There are several areas of the legal profession which will remain timeless; it is from these areas that learning from the mistakes of others is critical to ensuring long, stable careers for ourselves. Better yet, learning from mistakes made by fictitious characters has become the standardized norm by which the rules of professional responsibility is taught. The Firm, a film adaptation of John Grisham’s novel by the same name, teaches attorneys about the repercussions which may results from their glaring professional responsibility mistakes. (SPOILER ALERT). Mitch McDeere, played by Tom Cruise, is a recent law school graduate who has been hired by a blue chip firm half-way across the country. After becoming deeply entangled with the firm, he learns the firm represents a mob family. McDeere’s dilemma becomes whether to risk his life leaving the firm or continue representing an alleged crime family. Ultimately, McDeere uses the information that the firm had been overcharging the family/clients to convince the family to pardon him for having likely exposed them to scrutiny by the FBI.
The message we may take away comes from what McDeere’s mentor, Avery Tolar played by Gene Hackman, tells him once he joins the firm: “Everything depends on billing, how many hours you spend even thinking about a client…I don’t care if you’re stuck in traffic or shaving or sitting on a park bench.” Rule 1.5 of the North Carolina Rules of Professional Conduct covers fee and fee-related conduct. Briefly, a lawyer shall not make an agreement for, charge, or collect an illegal or clearly excessive fee or charge or collect a clearly excessive amount for expenses. The factors to be considered in determining whether a fee is clearly excessive include the time and labor required relative to the novelty of the issue, likelihood that employment by potential client will preclude other employment, customary fees, time and limitations, relationship with the client, whether the fee is fixed or contingent, etc.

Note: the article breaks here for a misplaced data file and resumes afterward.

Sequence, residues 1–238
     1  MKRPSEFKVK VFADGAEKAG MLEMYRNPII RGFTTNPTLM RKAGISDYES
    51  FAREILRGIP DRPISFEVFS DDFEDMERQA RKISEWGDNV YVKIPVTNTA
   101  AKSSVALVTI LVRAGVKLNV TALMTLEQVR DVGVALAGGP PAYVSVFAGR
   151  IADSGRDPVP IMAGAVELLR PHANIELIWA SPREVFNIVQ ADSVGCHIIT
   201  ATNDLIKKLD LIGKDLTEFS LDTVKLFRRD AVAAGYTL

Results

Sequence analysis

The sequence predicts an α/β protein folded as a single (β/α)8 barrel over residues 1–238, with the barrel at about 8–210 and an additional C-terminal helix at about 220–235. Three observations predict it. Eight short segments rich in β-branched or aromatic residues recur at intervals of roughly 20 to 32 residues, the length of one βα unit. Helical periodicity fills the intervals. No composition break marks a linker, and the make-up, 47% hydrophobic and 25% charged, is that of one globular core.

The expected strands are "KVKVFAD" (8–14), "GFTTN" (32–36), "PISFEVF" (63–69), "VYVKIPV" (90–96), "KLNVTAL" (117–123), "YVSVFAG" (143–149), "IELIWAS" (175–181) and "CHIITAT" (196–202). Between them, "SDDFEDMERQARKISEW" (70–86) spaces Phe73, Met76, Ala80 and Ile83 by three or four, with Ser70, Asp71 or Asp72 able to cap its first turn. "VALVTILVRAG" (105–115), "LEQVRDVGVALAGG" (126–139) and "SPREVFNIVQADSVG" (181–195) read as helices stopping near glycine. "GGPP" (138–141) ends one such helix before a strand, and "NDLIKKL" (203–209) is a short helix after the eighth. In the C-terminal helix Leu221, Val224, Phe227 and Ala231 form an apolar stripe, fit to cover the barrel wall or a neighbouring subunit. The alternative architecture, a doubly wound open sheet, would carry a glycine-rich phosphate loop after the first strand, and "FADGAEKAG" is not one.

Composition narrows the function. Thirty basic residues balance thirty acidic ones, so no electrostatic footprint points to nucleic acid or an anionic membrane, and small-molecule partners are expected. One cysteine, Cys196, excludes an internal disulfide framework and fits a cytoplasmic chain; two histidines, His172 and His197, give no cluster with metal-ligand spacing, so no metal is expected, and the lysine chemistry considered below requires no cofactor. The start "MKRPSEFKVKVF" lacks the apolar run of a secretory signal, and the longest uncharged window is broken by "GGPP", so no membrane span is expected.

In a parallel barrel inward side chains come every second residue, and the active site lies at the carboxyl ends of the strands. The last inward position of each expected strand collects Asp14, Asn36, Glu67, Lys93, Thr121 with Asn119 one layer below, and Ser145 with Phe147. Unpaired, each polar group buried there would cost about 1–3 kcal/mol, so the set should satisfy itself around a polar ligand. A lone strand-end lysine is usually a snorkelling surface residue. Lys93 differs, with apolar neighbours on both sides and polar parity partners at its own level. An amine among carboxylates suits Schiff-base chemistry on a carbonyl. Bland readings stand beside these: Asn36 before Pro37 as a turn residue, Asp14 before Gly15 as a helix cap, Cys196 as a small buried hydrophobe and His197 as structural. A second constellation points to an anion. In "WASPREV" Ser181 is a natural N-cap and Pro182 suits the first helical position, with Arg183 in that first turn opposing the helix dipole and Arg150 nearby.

Here, the mob family had deep ties with the blue chip firm for some time. There was no exclusivity in time spent relative to other potential work the firm may have conducted outside of illicit activities conducted through the firm (i.e., hiding mob proceeds offshore).
McDeere learns the firm is overcharging the family and uses this information to get out of potential trouble with the family. McDeere tells the family he needs their permission to forward the family’s invoices to the government in order to take care of the overbilling. The error in regard to procedure is McDeere’s explanation to the mob family/clients that the FBI has any hand to play in attorneys overcharging their clients. The use of mail fraud to give the federal agency leeway to investigate the firm is a completely separate issue from the compensation agreements between the firm and the family relative to the family receiving any type of remedy. This is another example of where films take poetic license for the sake of the plot and do not differentiate between criminal and civil liability.
Procedurally in North Carolina, subsection (f) of Rule 1.5 provides disputes regarding a fee for legal services must go through the North Carolina State Bar’s program of fee dispute resolution. Attorneys must provide proper notice if they are claiming the dispute; attorneys must act in good faith if the clients submit a proper dispute request.
McDeere had made backups of the family’s legal files as insurance in case his plan did not go smoothly. Ultimately, he explained to the mob family, “Whatever I know, wherever I go, I am bound to attorney-client privilege. I am exactly a ship carrying a cargo that will never reach a port. As long as I am alive, the ship will always be at sea.” McDeere receives the authorization from the mob family to release copies of the family invoices to the FBI, and ultimately leaves the firm with his life. The moral of the story is attorneys should not overbill their clients; also, attorneys should not overbill the mob. The Firm is available in the Charlotte School of Law Library DVD collection.
For more information about the Rules of Professional Conduct or for specific attorney lookup, visit http://www.ncbar.gov/public/.
~ Ray Olang, L’15 ~
Class Advisor – Susan Catterall, Esq.